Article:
AG Barr asked, “Since when is it okay to burn down a federal court?” Which is a fair question in some respects. On one hand I do think that our federal buildings and facilities need to be protected and maintained. If we want to remove statues, changed street names, paint murals, and all of these other performative acts, then fine, do that, but there is a process for that. However, on the other hand, this type of rhetoric obscures the reasons for all of these protests in the first place: the murderers of George Floyd and Breonna Taylor continue to live in anonymity and freedom. By focusing on the collateral damage of civil unrest (as that is what property damage is when peaceful protests are incited into riots), it elevates the importance and value of property over the importance and value of black lives, which is the exact reason that so many protest.
AG Barr claimed yesterday that systemic racism in the United States does not exist. However, I think it is clear to any rational person that systemic racism certainly exists and that it has become more implicit than explicit due to shifting social and political views.
Attorney General Barr further claimed that the U.S. Marshals have a duty to protect federal property and that is what they are doing in Portland. “We are at the courthouse, defending the courthouse. We’re not out looking for trouble.” Despite this assertion from Attorney General Barr, there has been much concern that these federal agents in Portland are not all U.S. Marshals. There were and are apparently agents from numerous federal agencies on the ground in Portland, including BORTAC, the U.S. Border Patrol’s equivalent to a ‘SWAT’ division. This group is usually tasked with operations such as raiding drug smuggler hideouts and dealing with crimes of that nature. They are not properly trained to handle civilian protests or riots. Federal agents were also deployed from U.S. Immigration and Customs Enforcement (ICE).
A memo (page 1 & page 2) from the Department of Homeland Security (DHS) revealed that, “The highly skilled tactical teams assigned to support the civil unrest and riots do not have specific training in riot control or mass demonstrations.”
When is it okay to use the office of the President for product placement? When is it okay for federal agents to break the hand of a Navy veteran who is exercising his right to peacefully assemble and protest? When is it okay to use tear-gas on your own citizens? When is it okay to assume citizens are guilty merely by association of time, place, or company and then arrest them without the legal jurisdiction to do so?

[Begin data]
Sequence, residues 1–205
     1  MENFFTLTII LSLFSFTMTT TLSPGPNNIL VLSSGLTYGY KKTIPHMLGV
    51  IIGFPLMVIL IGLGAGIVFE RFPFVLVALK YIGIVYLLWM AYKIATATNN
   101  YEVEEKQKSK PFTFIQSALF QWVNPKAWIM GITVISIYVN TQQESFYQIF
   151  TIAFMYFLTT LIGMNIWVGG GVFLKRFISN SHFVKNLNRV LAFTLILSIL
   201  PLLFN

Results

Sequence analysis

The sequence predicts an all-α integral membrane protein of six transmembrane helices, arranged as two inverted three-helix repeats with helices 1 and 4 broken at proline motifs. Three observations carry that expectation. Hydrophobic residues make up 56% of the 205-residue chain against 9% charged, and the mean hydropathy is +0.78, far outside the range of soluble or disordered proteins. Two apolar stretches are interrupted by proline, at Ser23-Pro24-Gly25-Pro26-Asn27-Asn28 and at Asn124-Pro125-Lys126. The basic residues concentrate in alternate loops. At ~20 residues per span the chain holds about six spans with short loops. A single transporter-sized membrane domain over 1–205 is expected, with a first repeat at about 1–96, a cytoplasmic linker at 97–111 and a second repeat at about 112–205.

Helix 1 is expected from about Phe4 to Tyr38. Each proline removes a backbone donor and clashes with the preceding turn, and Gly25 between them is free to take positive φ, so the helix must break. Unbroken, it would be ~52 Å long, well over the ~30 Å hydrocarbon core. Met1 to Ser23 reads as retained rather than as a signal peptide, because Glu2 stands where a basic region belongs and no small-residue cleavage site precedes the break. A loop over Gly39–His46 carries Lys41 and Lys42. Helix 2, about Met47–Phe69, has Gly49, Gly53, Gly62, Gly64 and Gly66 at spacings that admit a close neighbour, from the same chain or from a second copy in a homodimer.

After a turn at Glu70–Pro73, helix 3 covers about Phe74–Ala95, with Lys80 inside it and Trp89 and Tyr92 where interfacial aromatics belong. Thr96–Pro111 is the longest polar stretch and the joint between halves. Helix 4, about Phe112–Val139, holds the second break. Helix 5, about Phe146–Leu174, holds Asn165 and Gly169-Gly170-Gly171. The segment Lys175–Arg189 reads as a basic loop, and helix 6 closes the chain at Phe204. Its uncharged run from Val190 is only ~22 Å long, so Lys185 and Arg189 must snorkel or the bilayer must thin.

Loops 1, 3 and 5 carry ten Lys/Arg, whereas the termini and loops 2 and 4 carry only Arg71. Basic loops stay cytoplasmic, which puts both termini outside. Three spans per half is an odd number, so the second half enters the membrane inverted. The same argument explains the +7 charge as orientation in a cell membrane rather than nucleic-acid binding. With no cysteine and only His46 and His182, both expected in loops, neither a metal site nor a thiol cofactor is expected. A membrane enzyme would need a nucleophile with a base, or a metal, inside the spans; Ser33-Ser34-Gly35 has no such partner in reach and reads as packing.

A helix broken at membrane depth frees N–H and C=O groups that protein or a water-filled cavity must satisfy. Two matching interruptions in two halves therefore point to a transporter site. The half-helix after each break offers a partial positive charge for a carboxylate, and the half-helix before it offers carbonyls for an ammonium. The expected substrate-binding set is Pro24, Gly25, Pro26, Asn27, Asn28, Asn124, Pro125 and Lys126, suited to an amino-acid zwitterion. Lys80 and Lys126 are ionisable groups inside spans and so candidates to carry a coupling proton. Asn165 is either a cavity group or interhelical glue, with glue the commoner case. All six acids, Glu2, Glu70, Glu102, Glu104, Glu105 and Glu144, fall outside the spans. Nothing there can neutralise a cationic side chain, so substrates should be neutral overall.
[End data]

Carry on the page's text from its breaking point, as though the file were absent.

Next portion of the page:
Despite AG Barr saying that this is a majorly complex issue in his opening statement, he often refers to protesters and rioters interchangeably as the ominous, reductionist, and dangerous, “they.” The same is true of the rhetoric of the Republican representatives. When they are not deflecting from the issues at hand to wild narratives, they are actively, and falsely, conflating rioters or looters with non-violent protesters. These types of generalizations seek to simplify complex issues and homogenize diverse groups of protesters into a distinct “other.”
Rep. Sheila Jackson Lee, D-Texas, 18th District: Opened with a quote from John Lewis in 1963 when he said that, “We are tired about being beat by police, we’re tired of being put in jail. We want our freedom now.” Rep. Jackson Lee noted that AG Barr, “indicated that we have made great progress since that time and that the killing of George Floyd was shocking, but I disagree…” She called the death of George Floyd what it was, cold-blooded murder on the streets of America at the hands of the police. The fact that George Floyd’s story is not shocking to a woman of color but is to a white man should tell you all you need to know about how we live in different realities based around our identities and how they intersect.
She further asserted, rightly so, that AG Barr “seems to have a difficult time understanding systemic racism and institutional racism that has plagued so many.” Barr continually refuses to recognize or understand the prevalence of systemic racism within law enforcement in the United States, despite various data pointing to that conclusion. When asked if the Department of Justice under Trump’s administration was committed to seeking to end systemic racism and racism in law enforcement, AG Barr struggled to provide a clear answer until he settled on, “I don’t agree that there is systemic racism in police departments or generally in this country.”
Upon further questioning AG Barr noted that, “I’m opposed to eliminating qualified immunity.” (for police officers).
Rep. Steve Cohen (D-TN): Echoed many of the points of his colleagues and people across the country who continually assert that the majority of protests have been peaceful and the majority of protesters have been peaceful. The highlight of his questions for AG Barr came when he turned his attention to the Mueller Report. Rep. Cohen noted that U.S. District Judge Reggie Walton, appointed by President George W. Bush, declared in a ruling that Barr’s summary was “distorted” and “misleading.”